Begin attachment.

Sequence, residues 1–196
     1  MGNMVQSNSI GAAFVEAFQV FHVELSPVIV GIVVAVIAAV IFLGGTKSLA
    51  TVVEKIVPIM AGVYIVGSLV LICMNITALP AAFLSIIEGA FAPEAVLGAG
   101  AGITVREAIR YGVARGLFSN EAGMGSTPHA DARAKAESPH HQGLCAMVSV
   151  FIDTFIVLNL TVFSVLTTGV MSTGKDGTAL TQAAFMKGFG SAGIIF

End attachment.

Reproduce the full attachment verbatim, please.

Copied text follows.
Sequence, residues 1–196
     1  MGNMVQSNSI GAAFVEAFQV FHVELSPVIV GIVVAVIAAV IFLGGTKSLA
    51  TVVEKIVPIM AGVYIVGSLV LICMNITALP AAFLSIIEGA FAPEAVLGAG
   101  AGITVREAIR YGVARGLFSN EAGMGSTPHA DARAKAESPH HQGLCAMVSV
   151  FIDTFIVLNL TVFSVLTTGV MSTGKDGTAL TQAAFMKGFG SAGIIF